UTAH COUNTY — School is "in session" one week from Tuesday for Utah's largest school district.
Alpine School District, which has roughly 81,000 students, will begin instruction on Tuesday, August 18.
The district presented three options to students and families for back-to-school learning during COVID-19. According to Kimberly Bird, assistant to the superintendent at Alpine School District, more than 85 percent of declarations chose in-person learning for their students.
“Overwhelmingly, we have an interest to come back to school face-to-face,” said Bird. “We’ve got tens of thousands of students who have declared, which is nice. I think we have a good feel for what our schools and teachers can expect.”
The School District's plan was re-approved by the Utah County Health Department on August 3.
Some teachers attended Tuesday's school board meeting at Lehi High School to voice their concerns with the current back-to-school plan.
“We’ve been told to wear masks and social distance, not one or the other," said Gina Hemingway, a 6th grade teacher at Eagle Valley Elementary School.
Hemingway told FOX 13 that she would prefer a "hybrid approach" that other districts are doing that include a few days of in-person learning, with a few days of online learning.
“So right now our students are coming to school five days a week and we’ve been given one hour early out to work with online students. There is nothing in that plan which keeps students or teachers safe," she said.
Roughly 10 teachers and students attended the school board meeting to share their position on the upcoming school year.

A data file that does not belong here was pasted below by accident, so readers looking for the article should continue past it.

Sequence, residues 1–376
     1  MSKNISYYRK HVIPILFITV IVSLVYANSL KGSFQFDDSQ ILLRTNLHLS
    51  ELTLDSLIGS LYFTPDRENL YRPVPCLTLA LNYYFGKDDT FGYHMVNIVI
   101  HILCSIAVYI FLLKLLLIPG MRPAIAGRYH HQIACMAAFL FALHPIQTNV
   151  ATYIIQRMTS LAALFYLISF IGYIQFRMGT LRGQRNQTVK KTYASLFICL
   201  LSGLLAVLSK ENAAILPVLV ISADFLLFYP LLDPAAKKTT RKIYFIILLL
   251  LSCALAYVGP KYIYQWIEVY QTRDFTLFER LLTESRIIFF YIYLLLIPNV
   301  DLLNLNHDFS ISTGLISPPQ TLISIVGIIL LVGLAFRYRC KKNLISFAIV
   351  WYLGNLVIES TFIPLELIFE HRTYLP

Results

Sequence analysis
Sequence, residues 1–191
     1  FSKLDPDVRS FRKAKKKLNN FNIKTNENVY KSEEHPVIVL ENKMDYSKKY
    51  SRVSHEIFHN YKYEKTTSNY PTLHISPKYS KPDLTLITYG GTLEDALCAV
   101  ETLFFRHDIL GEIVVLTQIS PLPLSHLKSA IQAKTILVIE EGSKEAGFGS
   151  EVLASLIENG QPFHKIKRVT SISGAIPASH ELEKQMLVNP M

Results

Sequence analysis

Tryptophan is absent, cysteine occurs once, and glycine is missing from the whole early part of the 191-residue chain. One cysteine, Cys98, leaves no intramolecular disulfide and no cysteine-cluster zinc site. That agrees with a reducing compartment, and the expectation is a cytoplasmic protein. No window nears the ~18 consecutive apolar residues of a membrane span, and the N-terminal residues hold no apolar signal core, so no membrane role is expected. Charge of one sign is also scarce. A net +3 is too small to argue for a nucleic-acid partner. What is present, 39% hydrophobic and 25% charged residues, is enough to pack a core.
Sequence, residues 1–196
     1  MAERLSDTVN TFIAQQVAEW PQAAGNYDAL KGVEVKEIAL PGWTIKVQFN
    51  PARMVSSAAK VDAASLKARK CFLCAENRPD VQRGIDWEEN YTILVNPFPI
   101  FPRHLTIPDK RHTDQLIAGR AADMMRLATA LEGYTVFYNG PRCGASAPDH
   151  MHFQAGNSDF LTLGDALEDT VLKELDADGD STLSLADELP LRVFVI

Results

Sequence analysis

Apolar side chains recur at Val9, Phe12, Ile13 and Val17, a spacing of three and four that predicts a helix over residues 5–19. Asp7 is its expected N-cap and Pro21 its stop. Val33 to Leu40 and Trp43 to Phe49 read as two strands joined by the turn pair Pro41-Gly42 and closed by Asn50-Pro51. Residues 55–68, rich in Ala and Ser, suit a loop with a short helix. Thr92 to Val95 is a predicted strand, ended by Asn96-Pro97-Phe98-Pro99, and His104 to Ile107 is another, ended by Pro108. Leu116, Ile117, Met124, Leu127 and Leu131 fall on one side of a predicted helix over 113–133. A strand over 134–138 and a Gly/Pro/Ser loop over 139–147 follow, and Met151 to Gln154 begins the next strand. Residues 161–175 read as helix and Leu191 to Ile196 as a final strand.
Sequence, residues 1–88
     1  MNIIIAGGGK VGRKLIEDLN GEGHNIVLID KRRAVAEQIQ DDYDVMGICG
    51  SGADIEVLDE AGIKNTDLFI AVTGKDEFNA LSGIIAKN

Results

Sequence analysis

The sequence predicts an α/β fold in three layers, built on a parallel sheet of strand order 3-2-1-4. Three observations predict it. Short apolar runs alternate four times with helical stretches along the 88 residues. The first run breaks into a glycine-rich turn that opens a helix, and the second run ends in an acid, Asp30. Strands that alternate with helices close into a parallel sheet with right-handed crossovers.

“I don’t believe it is safe to have 40 to 45 students in a classroom where we cannot physical distance. We are literally sitting right next to each other and masks are not effective enough," said Laura Jones, a sophomore at Cedar Valley High School. Jones' mom is a teacher in the district. “I don’t feel they’ve put in the precautions to keep our teachers safe. Her class has 26 students and her classroom is nowhere near big enough for them to social distance as she’s said there’s only about 17 left to right and maybe three to four feet front to back."
Jones, a member of her school's student council, says that students' opinions and ideas haven't been taken into account when planning for the school year during the pandemic.
“Delay school start by two weeks, give us very clear metrics and let's look at equity as a big piece," said Steven Phelps, an organizer for Safe Utah Schools, who encouraged teachers to come and share their perspective with the board.
Phelps recently resigned at Alpine School District due to a lack of online-only teaching opportunities during the upcoming year. Phelps will be teaching this year for the Salt Lake City School District that is starting their school year virtually.
“We care about all of our employees. We believe that teaching is one of the greatest professions out there,” said Bird. “If a teacher is feeling like they do not feel comfortable coming back, number one I would say contact your principal.”
To learn more about the Alpine School District's plan, click here.